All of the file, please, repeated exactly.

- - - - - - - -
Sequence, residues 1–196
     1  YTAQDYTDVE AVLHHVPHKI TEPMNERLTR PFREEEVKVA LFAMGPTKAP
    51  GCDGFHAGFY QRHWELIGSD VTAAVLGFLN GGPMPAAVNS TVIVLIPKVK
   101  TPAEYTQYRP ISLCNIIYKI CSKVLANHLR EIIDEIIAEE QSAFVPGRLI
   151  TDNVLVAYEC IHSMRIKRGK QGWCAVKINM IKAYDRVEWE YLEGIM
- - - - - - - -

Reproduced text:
Sequence, residues 1–196
     1  YTAQDYTDVE AVLHHVPHKI TEPMNERLTR PFREEEVKVA LFAMGPTKAP
    51  GCDGFHAGFY QRHWELIGSD VTAAVLGFLN GGPMPAAVNS TVIVLIPKVK
   101  TPAEYTQYRP ISLCNIIYKI CSKVLANHLR EIIDEIIAEE QSAFVPGRLI
   151  TDNVLVAYEC IHSMRIKRGK QGWCAVKINM IKAYDRVEWE YLEGIM